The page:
It was good fun chairing at the Learning Technologies and Skills Conference last week. When you have good speakers, chairing is fun. Thanks to Andrew Jacobs, Garry Hearn and David Gelles for doing a good job of sharing your thoughts and your chosen topics.
I’ve been thinking about what I was listening to, and also of other events I’ve been at in recent months. And I’ve been attuned to what’s happening in different conversations online. Thankfully, there’s no shortage of people willing to express their opinion.
It seems to me there are some common things L&D as a profession is agreeing on and they get talked about in different ways.
We need to be aligned to the business. More and more I’m hearing about how to do this well and how in doing so we present our value to the powers that be. When we understand how to do this, are business partnering effectively, and are being consultative in our approach is when we get it right. That means we deliver better learning solutions, we develop our knowledge and we develop our skills.
The importance of technology enabled learning is really coming to the fore. Vendors and the likes are getting really smart at how to provide technology based learning solutions. There’s no shortage of them for sure and there’s no stopping the creative thinking going into them. These days that could be e-learning content, video learning, podcasts, e-books and a whole lot more. It’s there, readily available – and if you’re brave enough you can do it all yourself.
The concept of 70:20:10 as a useful framework for developing a blend of learning solutions is really coming into its own. A lot of practitioners are considering not just producing face to face sessions or just e-learning courseware, but increasingly how to include work based learning solutions through peer based models of learning. That’s pretty exciting and means we help people be their best through learning in ways that make sense to them.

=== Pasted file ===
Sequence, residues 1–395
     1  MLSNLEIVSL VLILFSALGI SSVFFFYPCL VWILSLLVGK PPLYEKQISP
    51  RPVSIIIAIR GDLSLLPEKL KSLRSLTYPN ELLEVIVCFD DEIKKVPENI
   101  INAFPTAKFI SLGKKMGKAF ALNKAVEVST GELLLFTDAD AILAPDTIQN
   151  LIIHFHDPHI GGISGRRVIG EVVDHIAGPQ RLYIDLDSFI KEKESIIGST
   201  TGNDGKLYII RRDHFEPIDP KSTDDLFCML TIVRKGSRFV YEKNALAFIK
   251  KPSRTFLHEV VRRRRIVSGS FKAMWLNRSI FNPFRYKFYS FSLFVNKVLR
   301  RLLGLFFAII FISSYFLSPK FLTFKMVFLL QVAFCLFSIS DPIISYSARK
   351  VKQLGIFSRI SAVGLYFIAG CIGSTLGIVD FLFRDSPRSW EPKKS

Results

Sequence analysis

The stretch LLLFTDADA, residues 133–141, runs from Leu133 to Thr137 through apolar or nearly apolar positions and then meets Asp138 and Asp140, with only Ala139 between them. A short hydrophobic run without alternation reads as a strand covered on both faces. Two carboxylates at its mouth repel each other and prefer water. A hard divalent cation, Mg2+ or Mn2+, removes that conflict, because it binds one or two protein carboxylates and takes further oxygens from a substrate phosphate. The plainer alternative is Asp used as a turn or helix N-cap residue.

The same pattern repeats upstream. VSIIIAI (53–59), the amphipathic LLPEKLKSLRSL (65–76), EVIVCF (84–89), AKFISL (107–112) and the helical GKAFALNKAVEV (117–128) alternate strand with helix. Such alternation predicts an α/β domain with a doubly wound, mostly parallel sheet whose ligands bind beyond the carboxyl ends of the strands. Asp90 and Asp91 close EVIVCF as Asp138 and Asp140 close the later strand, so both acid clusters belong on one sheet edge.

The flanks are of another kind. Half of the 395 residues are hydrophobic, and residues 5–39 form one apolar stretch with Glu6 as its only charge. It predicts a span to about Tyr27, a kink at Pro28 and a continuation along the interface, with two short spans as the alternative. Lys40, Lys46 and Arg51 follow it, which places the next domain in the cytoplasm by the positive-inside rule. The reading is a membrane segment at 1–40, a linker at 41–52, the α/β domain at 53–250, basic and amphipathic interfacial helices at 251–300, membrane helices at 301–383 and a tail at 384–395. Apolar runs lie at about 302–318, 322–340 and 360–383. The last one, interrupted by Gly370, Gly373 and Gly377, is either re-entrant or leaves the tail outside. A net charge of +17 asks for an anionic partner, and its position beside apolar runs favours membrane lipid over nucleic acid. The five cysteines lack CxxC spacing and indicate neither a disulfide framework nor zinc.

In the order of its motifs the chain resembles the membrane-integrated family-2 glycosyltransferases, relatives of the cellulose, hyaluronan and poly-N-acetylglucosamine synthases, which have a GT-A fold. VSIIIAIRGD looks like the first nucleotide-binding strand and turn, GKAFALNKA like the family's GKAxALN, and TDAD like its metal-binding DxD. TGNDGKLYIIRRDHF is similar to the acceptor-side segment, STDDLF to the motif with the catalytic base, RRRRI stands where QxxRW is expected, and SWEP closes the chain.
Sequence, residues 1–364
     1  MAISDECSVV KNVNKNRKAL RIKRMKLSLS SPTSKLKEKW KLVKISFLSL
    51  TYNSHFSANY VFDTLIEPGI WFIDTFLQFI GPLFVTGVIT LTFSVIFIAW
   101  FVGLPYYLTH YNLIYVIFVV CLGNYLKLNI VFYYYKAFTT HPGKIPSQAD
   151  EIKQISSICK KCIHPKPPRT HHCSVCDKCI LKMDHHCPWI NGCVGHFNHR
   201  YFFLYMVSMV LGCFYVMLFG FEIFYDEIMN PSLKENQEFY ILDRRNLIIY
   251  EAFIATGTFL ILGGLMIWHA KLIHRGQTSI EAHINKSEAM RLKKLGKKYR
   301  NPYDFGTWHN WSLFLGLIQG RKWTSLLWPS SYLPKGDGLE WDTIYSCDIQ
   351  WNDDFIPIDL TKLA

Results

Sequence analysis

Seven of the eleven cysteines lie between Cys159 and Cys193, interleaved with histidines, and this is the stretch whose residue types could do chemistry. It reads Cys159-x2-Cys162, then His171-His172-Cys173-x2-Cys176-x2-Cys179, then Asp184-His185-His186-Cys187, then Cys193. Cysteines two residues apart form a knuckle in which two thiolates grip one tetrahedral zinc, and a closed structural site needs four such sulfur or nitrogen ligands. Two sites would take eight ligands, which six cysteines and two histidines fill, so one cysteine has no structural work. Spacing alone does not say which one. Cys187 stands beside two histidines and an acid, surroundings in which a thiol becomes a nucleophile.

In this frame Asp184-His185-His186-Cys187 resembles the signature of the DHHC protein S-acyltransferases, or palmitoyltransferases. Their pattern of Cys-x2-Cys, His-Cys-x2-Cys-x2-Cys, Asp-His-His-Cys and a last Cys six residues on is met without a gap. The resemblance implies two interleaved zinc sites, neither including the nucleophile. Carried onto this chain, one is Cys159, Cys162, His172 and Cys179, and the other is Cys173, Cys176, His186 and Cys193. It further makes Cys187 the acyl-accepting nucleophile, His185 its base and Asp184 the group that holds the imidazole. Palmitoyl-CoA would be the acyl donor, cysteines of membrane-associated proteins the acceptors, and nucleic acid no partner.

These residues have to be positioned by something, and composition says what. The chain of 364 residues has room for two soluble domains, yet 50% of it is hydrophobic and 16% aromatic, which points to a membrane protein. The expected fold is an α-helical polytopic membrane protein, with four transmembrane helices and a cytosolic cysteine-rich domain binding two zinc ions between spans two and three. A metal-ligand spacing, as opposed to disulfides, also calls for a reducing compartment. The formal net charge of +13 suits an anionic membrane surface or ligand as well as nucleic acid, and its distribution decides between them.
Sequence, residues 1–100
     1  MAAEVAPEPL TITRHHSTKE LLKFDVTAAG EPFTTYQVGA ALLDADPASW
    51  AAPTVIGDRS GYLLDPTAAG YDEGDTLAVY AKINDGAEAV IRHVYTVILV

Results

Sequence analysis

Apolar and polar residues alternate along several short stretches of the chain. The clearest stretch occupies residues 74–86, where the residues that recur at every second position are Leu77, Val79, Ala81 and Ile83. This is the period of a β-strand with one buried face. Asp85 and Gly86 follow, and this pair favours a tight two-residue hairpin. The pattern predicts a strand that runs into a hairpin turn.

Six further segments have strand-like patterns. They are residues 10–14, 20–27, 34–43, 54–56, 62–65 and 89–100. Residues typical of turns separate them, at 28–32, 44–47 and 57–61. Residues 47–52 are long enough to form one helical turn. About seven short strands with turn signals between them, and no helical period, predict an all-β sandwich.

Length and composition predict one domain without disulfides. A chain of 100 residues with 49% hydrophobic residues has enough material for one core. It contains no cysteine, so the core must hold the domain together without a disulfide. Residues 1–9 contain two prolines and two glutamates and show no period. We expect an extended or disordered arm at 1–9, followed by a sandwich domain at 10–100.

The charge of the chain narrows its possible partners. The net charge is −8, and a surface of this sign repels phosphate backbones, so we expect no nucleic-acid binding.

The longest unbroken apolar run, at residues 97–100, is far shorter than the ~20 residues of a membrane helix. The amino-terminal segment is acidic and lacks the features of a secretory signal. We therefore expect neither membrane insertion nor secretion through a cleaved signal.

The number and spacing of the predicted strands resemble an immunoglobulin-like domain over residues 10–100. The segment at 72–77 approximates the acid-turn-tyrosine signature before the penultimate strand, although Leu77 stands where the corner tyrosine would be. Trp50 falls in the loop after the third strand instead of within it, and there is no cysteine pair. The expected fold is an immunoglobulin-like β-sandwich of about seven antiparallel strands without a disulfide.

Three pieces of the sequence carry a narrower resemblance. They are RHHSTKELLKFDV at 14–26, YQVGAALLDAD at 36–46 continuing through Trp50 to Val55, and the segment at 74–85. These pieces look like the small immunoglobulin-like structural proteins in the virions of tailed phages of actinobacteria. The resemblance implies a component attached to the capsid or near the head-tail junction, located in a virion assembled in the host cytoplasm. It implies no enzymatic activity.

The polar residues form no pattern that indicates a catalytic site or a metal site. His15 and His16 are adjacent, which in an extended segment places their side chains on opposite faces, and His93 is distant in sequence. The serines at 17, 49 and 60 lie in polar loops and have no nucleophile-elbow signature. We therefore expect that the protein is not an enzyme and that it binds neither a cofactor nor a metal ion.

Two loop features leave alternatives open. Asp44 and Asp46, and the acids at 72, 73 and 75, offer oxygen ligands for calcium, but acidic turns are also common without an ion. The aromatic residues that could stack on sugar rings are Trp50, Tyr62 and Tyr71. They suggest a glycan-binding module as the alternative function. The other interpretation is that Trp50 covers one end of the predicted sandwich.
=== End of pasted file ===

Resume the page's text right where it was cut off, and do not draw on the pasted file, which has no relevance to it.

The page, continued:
The use of social technologies as practitioners is becoming more important. Too many times do we see and hear about professionals shunning social media and too many times do we end up trying to convince others. These things have a natural penetration point. People aren’t on social media? Fine. They’ll get there eventually. In the meantime just get on and enjoy your time and experience of being there.
On that same point, I’ve said it before and I’ll say it again, the concept of IP in learning is becoming increasingly difficult to hold on to. Developed a learning solution that’s awesome? Fab. Make as much money as you can from it cos soon enough someone will develop something better. Collaboration is the currency of the future. That’s when awesome things happen.
I also see more people understanding the importance of concepts like emotional intelligence and mindfulness as a way of developing their self awareness and understanding of how they impact others. That’s only good stuff and it’s really encouraging how people are talking about these things.
Some things I’d like to see less of?
Vendors selling their kit. Find partners to collaborate with, build effective communication strategies and a reason for people to talk about you.
The peddling of solutions which are rubbish. I moved my e-learning provider because they just weren’t delivering value for money. They had a solution which was pants and I had to cut them off and find a better provider. (I did)
We’re still not seeing enough people tackle issues of diversity and inclusion in the workplace. In a world where multiculturalism and flexible working are fast becoming the norm, we need to work harder at the opportunities people are afforded, the way we seek to include them and the fairness people experience.
I want to personally see less Big Brother on the telly box, but you know, that’s me.
I’d like to see less reliance on the need for models to explain theories. Yes, I’ve used them and continue to do so too, but also I want L&Ders learn more about dialogic processes. How do we cultivate generative thinking? That’s hard and at the same time much needed.
I really want practitioners to let go of outdated thinking like the Mehrabian myth, learning styles and investigate better what we know about things like body language and how adults learn.